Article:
newspaper: He exhibited his manuscript to Mr P., who was very much pleased with it, and borrowed it for perusal. He retained it a long time, and informed Mr S. that if he would make out a title-page and preface, he would publish it, and it might be a source of profit. This Mr S. refused to do, for reasons which I cannot now state. Sidney Rigdon, who has figured so largely in the history of the Mormons, was at this time connected with the printing office of Mr Patterson, as is well known in that region, and as Rigdon himself has frequently stated. Here he had ample opportunity to become acquainted with Mr Spaulding's manuscript, and to copy it if he chose. It was a matter of notoriety and interest to all who were connected with the printing establishment. At length the manuscript was returned to its author, and soon after we removed to Amity, Washington county, Pa., where Mr S. deceased in 1816. The manuscript then fell into my hands and was carefully preserved. It has frequently been examined by my daughter, Mrs M.Kenstry, of Monson, Massachusetts, with whom I now reside, and by other friends.
After the 'Book of Mormon' came out, a copy of it was taken to New Salem, the place of Mr Spaulding's former residence, and the very place where the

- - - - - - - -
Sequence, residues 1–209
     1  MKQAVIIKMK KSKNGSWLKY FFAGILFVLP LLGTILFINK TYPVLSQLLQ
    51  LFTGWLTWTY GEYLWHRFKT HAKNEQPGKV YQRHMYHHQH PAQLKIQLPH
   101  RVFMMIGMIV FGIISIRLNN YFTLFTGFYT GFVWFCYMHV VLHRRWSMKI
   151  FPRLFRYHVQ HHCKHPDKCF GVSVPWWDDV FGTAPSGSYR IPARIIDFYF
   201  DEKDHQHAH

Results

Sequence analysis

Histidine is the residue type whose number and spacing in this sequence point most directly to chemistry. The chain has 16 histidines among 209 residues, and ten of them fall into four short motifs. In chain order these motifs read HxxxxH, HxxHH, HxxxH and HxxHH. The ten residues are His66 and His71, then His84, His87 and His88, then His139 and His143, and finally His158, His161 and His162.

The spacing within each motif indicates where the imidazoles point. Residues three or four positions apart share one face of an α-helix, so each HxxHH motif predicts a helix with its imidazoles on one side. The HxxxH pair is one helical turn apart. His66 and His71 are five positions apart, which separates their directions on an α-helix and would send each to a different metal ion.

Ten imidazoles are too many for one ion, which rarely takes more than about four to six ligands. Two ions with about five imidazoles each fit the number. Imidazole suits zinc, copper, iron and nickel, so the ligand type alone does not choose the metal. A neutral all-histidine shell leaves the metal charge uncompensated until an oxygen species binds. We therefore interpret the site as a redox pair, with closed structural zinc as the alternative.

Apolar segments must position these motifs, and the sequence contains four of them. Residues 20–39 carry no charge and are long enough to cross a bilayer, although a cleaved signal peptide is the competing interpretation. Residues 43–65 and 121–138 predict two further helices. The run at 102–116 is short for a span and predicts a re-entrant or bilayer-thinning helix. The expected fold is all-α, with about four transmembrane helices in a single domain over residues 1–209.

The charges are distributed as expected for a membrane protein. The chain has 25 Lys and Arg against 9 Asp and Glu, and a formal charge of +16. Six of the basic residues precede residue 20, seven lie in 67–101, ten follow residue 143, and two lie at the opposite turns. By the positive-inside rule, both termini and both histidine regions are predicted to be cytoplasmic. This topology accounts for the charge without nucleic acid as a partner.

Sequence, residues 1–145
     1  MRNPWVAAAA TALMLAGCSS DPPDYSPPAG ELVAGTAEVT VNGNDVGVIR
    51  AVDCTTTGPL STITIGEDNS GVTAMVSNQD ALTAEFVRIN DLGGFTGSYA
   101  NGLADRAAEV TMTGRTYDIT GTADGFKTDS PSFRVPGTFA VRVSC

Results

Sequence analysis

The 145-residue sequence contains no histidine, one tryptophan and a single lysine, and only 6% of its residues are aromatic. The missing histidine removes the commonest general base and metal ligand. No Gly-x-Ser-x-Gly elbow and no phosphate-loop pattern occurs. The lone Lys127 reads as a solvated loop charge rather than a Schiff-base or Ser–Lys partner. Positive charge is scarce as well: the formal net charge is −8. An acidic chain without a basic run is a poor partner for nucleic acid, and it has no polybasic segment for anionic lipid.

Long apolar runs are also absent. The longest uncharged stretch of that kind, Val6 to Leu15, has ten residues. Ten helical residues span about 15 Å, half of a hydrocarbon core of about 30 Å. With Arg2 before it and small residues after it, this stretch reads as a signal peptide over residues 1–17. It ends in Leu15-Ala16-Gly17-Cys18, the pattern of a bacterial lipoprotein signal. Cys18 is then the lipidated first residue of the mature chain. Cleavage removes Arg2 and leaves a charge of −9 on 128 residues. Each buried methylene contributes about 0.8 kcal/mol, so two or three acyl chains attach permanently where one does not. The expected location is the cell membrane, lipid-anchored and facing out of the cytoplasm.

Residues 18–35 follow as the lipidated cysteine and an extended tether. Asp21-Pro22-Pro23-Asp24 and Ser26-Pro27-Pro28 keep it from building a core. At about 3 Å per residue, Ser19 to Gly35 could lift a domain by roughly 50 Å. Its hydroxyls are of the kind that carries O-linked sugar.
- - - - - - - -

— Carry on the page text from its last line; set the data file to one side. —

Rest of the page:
Manuscript Found' was written. A woman-preacher appointed a meeting there, and, in the meeting, read and repeated copious extracts from the * Book of Mormon.' The historical part was immediately recognised by all the older inhabitants as the identical work of Mr Spaulding, in which they had been so deeply interested years before. Mr John Spaulding was present, who is an eminently pious man, and recognised perfectly the work of his brother. He was amazed and afflicted that it should have been perverted to so wicked a purpose. His grief found vent in a flood of tears; and he arose on the spot, and expressed in the meeting his deep sorrow and regret that the writings of his sainted brother should be used for a purpose so vile and shocking. The excitement in New Salem became so great that the inhabitants had a meeting, and deputed Dr Philastus Hurlbut, one of their number, to repair to this place and to obtain from me the original manuscript of Mr Spaulding, for the purpose of comparing it with the Mormon Bible, to satisfy their own minds and to prevent their friends from embracing an error so delusive. This was in the year 1834. Dr Hurlbut brought with him an introduction and request for the manuscript, signed by Messrs Henry Lake, Aaron Wright, and others, with all of whom I was acquainted, as they were my neighbours when I resided in New Salem.